Proof Of Work: Determining Majority “Power”

As discussed in a previous post, one of the primary goals for a Consensus Method is to facilitate “agreement” on the network. To come to agreement we need a majority of votes. However, determining this majority may not be as easy as you may think.

The difficulty in achieving Consensus in a networked system is actually a fundamental problem in Computer Science. There are various technical reasons for this. But we’re going to keep it simple in this post. 

We will tackle one particular difficulty that may seem easy on first glance:
"How Do We Determine Who Represents The Majority?"

Let’s take a step back for a moment. Let’s think about how majority decision making is done in the “real” world.

Consensus In A Boardroom Office

Agreement is usually settled by the “rule of the majority”, right? We’d sit in a big boardroom office, and everyone (who matters) would vote by either a ballot-system or raising their hands.

It’s pretty hard to cheat. (You could try to raise two hands, I suppose. But you’ll probably be found out)

But this boardroom clearly represents a centralized system. How do we achieve this in a decentralized system - like a blockchain? Such a system has the following features:

  • People Distributed Around The World
  • People Are Pseudo-Anonymous – Using Their Computers To “Vote”

In the office boardroom, the majority is represented by people raising their hands. We need a way to determine the majority in a networked & decentralized system. Essentially, we need a way for people to vote in such a system – and to do so fairly.

Consensus Online:  IP Addresses?

The first idea that comes to mind is : IP Addresses.  Each IP address could represents one vote. Not bad – but it won’t work.  It’s far too easy for someone create millions of Virtual IPs. A single person could spin-up several IPs around the world and cast a million votes to further his own agenda. 

Proof of Work - a simplified example

Suppose we have a network of 1000 participants. Each of them are allowed one vote per IP Address. The participants have to come to a decision between Decision A and Decision B.

999 participants vote for Decision A.  But John – a network participant – wants Decision B for his own agenda. He decides to create 1000 Virtual IPs and casts votes for Decision B from each one of them. The network now thinks it has a total of 2000 participants.

  • Decision A gets 999 votes.  Decision B gets 1001 votes. (1000 fake votes + John’s real vote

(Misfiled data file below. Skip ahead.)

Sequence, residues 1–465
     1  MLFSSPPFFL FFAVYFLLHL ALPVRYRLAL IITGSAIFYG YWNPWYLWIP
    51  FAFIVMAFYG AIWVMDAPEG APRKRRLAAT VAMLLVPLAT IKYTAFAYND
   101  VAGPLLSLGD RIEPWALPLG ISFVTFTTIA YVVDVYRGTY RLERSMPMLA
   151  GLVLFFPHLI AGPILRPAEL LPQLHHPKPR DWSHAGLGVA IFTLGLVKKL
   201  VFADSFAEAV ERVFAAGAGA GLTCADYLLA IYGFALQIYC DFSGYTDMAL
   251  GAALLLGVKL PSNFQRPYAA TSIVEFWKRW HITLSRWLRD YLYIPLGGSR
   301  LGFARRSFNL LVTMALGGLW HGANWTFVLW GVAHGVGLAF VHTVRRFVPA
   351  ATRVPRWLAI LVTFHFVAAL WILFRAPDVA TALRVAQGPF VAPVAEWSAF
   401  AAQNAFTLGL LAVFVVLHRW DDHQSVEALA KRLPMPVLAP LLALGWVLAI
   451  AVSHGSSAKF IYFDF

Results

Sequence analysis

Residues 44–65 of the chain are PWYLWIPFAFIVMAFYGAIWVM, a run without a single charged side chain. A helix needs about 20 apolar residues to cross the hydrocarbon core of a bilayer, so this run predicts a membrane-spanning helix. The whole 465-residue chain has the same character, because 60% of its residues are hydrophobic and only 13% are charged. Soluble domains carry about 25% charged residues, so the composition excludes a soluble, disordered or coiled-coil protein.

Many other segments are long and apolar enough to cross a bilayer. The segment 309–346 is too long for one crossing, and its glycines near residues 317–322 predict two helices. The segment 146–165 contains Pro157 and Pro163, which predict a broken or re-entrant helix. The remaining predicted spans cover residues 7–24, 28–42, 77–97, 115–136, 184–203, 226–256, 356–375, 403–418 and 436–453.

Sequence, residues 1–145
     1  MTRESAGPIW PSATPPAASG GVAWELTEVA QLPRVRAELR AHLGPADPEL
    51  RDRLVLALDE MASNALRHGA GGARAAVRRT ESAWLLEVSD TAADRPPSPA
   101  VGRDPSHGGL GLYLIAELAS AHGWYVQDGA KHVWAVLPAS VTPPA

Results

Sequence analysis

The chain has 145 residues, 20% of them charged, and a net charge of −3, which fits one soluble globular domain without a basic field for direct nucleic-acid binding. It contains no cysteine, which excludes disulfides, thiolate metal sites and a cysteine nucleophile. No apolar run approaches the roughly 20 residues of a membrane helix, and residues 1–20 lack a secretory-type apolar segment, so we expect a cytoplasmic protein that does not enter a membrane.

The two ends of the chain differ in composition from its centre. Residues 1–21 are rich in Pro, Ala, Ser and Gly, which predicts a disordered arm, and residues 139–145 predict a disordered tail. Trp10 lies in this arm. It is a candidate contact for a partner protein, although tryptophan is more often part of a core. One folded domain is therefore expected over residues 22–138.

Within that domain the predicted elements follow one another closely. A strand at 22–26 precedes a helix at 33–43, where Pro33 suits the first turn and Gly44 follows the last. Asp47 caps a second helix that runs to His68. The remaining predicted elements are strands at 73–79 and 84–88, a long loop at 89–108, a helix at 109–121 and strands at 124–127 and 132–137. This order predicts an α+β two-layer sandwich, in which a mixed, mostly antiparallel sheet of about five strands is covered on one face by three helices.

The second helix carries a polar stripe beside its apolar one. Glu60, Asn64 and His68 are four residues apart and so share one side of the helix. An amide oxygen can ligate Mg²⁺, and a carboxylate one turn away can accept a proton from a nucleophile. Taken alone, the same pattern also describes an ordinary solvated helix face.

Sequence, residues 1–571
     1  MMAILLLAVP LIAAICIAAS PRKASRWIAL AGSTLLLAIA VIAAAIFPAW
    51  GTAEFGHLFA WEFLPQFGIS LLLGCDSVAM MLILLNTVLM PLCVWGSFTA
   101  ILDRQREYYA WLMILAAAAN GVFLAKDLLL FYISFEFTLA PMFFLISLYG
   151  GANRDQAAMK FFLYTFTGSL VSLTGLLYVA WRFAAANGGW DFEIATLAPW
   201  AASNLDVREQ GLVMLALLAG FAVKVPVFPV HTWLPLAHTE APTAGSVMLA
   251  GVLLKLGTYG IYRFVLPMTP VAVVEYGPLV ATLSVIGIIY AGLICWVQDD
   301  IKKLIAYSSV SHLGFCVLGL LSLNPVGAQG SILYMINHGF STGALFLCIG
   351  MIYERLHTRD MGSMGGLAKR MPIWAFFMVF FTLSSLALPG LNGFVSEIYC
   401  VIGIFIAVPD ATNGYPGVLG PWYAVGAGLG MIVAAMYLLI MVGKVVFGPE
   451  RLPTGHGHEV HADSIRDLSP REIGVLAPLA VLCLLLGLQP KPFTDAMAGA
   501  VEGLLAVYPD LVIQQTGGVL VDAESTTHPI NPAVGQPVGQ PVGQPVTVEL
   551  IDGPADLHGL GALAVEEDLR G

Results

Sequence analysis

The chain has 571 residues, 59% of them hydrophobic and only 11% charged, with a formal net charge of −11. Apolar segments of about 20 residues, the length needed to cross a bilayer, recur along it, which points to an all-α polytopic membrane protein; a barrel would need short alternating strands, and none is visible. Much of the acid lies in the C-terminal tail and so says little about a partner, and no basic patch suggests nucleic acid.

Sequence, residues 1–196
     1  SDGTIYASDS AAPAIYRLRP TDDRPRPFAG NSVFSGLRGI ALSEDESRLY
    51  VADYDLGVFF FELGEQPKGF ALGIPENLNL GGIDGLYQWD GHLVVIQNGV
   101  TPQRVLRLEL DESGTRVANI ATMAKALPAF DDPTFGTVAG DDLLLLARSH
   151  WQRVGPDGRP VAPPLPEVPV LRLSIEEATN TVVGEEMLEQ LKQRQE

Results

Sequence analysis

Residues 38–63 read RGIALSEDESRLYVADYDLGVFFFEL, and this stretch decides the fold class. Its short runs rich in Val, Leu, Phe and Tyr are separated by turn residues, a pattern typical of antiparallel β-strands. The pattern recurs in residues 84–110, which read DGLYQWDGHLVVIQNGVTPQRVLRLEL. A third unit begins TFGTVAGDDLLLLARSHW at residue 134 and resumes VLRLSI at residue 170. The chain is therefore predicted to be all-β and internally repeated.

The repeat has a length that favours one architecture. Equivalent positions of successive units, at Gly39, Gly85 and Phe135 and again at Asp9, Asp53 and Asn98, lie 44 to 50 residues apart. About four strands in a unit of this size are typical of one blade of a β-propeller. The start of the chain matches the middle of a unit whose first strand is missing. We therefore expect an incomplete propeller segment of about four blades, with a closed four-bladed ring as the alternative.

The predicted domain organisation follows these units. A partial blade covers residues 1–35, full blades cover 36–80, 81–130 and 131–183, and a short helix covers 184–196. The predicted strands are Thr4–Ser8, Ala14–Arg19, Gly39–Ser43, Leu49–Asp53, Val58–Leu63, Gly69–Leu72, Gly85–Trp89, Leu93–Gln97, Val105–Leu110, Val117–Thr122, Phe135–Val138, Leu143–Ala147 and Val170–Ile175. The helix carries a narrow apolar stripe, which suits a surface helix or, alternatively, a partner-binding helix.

• Decision B goes through. John wins, everybody else loses.

Consensus Online: CPU Power

The “One-IP-One-Vote” solution was simply not going to cut it. It was far too easy for people to manipulate the votes  – and also face no consequence for doing so. Even failed attempts could be brushed off. We needed the following:

  1. Add a difficulty to casting vote
  2. Make it costly for attempting manipulation

That’s where Proof Of Work stepped in as a Consensus Method - Proof Of Work uses CPU Power to determine the majority decision.

In order to show their support, participants have to expend electricity. (They do so using by solving Cryptographic puzzles – which we will discuss in the this post. For now, all you need to know is that they have to expend energy in order to show who they support)

Therefore, the only way someone could manipulate the “votes” is by  having a A LOT of CPU Power. Achieving this will cost them A LOT in:

  1. Initial hardware costs 
  2. Ongoing electricity costs.

Longest Chain: Determining Majority Support

This gives us another interesting (and important) feature. Each time a “block” is added to the blockchain, CPU Power/energy is  consumed. Thus, every block preceding it also involved consumption of energy. These are essentially a “chain of blocks” (hence ‘blockchain’). These “chain of blocks” are representative of the TOTAL energy used for that chain.  

  • Remember, energy consumption is a form of indicating “support” by network participants.  So the longer the chain, the more support the chain has by the network participants.

With this, if there is ever a conflict of decision – we can simply look at the Longest Chain to determine which decision has majority support. Why? Because the longest chain has the most energy invested in it. And hence the most support.

Wrapping Up - Proof of Work

Just like any other system, decision conflict needs to be resolved by a majority vote. However, determining that majority can be difficult when dealing with a networked system. Proof Of Work adds a extrinsic cost to each vote (hardware and electricity).  And thus making it increasingly difficult to manipulate the votes.

Energy is expended to show support on each “block” of data added to the ledger. As the ledger (blockchain) increases in size, more energy is expended. The longest chain serves as representation of the majority support.

In future posts I’ll go into a little bit more detail on the Cryptographic Puzzle and The Longest Chain. For now, I hope this post helps.

If you have any questions, don’t hesitate to shoot me an email or PM 🙂

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About the author

Shawn Dexter

Shawn is a blockchain & distributed ledger technology enthusiast with a strong background in Computer Science, Product Management and Entrepreneurship.

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